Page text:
Scientists have found unmistakable evidence for a stratosphere on an enormous planet outside our solar system, with an atmosphere hot enough to boil iron.
An international team of researchers, led by the University of Exeter and including researchers from PlanetS*, made the new discovery by observing glowing water molecules in the atmosphere of the exoplanet WASP-121b with NASA’s Hubble Space Telescope.
In order to study the gas giant’s stratosphere – a layer of atmosphere where temperature increases with higher altitudes – scientists used spectroscopy to analyse how the planet’s brightness changed at different wavelengths of light. Water vapour in the planet’s atmosphere, for example, behaves in predictable ways in response to certain wavelengths of light, depending on the temperature of the water. At cooler temperatures, water vapour blocks light from beneath it. But at higher temperatures, the water molecules glow.
The phenomenon is similar to what happens with fireworks, which get their colours from chemicals emitting light. When metallic substances are heated and vaporized, their electrons move into higher energy states. Depending on the material, these electrons will emit light at specific wavelengths as they lose energy: sodium produces orange-yellow and strontium produces red in this process, for example.
The water molecules in the atmosphere of WASP-121b similarly give off radiation as they lose energy, but it is in the form of infrared light, which the human eye is unable to detect.
The research is published in leading scientific journal Nature.
Artist view of Wasp 121b and its star. Credit NASA, ESA and G Bacon STSci.
“Detecting the light emitted by hot steam in this exoplanet is a decisive step towards understanding how the atmospheres of such extreme planets work,” said David Ehrenreich, co-author of the study, associate professor at the University of Geneva and principal investigator of the European Research Council project FOUR ACES*. “Now the next step is to track down and identify the molecules responsible for the temperature rise”.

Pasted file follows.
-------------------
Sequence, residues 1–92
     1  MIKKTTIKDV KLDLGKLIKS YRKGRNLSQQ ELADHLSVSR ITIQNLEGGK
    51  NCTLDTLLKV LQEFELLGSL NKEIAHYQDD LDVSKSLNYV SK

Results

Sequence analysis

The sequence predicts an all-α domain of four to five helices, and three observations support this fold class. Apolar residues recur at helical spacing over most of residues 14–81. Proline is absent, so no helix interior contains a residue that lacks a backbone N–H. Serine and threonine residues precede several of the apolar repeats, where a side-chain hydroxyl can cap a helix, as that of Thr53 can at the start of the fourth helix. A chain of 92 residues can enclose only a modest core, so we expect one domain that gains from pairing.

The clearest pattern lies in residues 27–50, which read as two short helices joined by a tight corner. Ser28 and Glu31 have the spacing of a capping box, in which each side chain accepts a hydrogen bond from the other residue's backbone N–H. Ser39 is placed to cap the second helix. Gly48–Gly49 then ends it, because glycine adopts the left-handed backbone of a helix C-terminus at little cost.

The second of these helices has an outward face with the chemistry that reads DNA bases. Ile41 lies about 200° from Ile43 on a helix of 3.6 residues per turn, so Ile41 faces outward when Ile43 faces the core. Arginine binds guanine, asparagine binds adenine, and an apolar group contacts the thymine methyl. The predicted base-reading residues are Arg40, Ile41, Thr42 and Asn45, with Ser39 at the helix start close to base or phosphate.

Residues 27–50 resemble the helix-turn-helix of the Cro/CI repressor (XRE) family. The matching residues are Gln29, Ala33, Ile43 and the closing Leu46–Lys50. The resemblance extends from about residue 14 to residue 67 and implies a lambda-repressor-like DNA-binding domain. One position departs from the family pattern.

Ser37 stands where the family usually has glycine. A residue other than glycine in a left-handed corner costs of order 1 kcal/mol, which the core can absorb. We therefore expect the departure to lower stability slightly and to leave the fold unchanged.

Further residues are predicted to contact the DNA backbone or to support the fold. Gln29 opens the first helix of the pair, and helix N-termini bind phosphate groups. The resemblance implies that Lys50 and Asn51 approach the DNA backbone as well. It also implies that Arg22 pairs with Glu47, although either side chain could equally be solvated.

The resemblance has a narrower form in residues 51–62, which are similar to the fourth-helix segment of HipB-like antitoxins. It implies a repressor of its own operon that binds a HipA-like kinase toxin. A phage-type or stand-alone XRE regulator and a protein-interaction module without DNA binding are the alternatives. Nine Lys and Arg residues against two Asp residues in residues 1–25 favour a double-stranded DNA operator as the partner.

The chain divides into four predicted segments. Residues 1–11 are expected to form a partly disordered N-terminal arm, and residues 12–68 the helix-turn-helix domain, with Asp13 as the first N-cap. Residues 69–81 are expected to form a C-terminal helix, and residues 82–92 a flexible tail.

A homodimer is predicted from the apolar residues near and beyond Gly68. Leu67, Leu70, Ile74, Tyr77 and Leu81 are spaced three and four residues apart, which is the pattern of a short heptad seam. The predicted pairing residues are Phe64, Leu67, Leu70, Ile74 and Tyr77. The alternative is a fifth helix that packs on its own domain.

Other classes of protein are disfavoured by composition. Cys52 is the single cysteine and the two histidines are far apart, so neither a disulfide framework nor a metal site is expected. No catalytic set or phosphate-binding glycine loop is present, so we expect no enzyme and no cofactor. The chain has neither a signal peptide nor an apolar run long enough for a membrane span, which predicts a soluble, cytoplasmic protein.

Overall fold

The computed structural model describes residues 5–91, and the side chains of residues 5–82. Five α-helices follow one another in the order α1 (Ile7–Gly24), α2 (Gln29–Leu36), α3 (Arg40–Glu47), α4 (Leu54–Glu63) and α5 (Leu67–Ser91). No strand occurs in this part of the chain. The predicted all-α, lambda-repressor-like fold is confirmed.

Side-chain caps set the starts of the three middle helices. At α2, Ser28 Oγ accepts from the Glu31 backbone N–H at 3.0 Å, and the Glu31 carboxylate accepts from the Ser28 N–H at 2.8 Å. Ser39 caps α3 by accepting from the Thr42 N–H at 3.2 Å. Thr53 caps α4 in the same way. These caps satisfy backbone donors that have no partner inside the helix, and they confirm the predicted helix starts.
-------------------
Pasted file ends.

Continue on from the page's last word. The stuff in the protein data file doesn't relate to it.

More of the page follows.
WASP-121b, located approximately 900 light years from Earth, is a gas giant exoplanet commonly referred to as a ‘hot Jupiter’, although with a greater mass and radius than Jupiter, making it much puffier. The exoplanet orbits its host star every 1.3 days, and is around the closest distance it could be before the star’s gravity would start ripping it apart. This close proximity also means that the top of the atmosphere is heated to a blazing hot 2,500°C – the temperature at which iron exists in gas rather than solid form.
In Earth’s stratosphere, ozone traps ultraviolet radiation from the sun, which raises the temperature of this layer of atmosphere. Other solar system bodies have stratospheres, too – methane is responsible for heating in the stratospheres of Jupiter and Saturn’s moon Titan, for example. In solar system planets, the change in temperature within a stratosphere is typically less than 100°C. However, on WASP-121b, the temperature in the stratosphere rises by 1,000°C.
“It is exciting to measure such a steep temperature rise in WASP-121b’s atmosphere because it means that special chemical processes are occurring at higher altitudes, which could affect the atmospheric evolution of the planet,” says Vincent Bourrier, co-author and PlanetS research fellow at the University of Geneva. “WASP-121 is far more irradiated and heated than any planets in our Solar System, so we expect its atmosphere to be seriously impacted by that.”
Vanadium oxide and titanium oxide gases are candidate heat sources, as they strongly absorb starlight at visible wavelengths, similar to ozone absorbing UV radiation. These compounds are expected to be present in only the hottest of hot Jupiters, such as WASP-121b, as high temperatures are required to keep them in the gaseous state. Indeed, vanadium oxide and titanium oxide are commonly seen in brown dwarfs, ‘failed stars’ that have some commonalities with exoplanets.
Spectrum of Wasp121 system. Credit NASA, ESA and A. Feild STSci.
Previous research spanning the past decade has indicated possible evidence for stratospheres on other exoplanets, but this is the first time that glowing water molecules have been detected, the clearest signal yet for an exoplanet stratosphere. It is one of the first results to come out of a new observing program being led by David Sing, associate professor at the University of Exeter, and an international team of scientists from seven countries. The program has been awarded 800 hours to study and compare 20 different exoplanets, representing one of the largest time allocations for a single program in the entire 27 year history of Hubble.
NASA and ESA’s forthcoming James Webb Space Telescope will be able to follow up on the atmospheres of planets like WASP-121b with higher sensitivity than any telescope currently in space.
“A stratosphere in an ultra-hot gas giant exoplanet” is published in Nature on Thursday, August 3 2017.
*PlanetS is a National Center of Competence in Research, which is an instrument of the Swiss National Science Foundation.
**FOUR ACES, which stands for Future of Upper Atmospheric Characterisation of Exoplanets with Spectroscopy, is a Consolidator project of the European Research Council (ERC), supported by the ERC Horizon 2020 research and innovation programme (grant agreement no. 724427).
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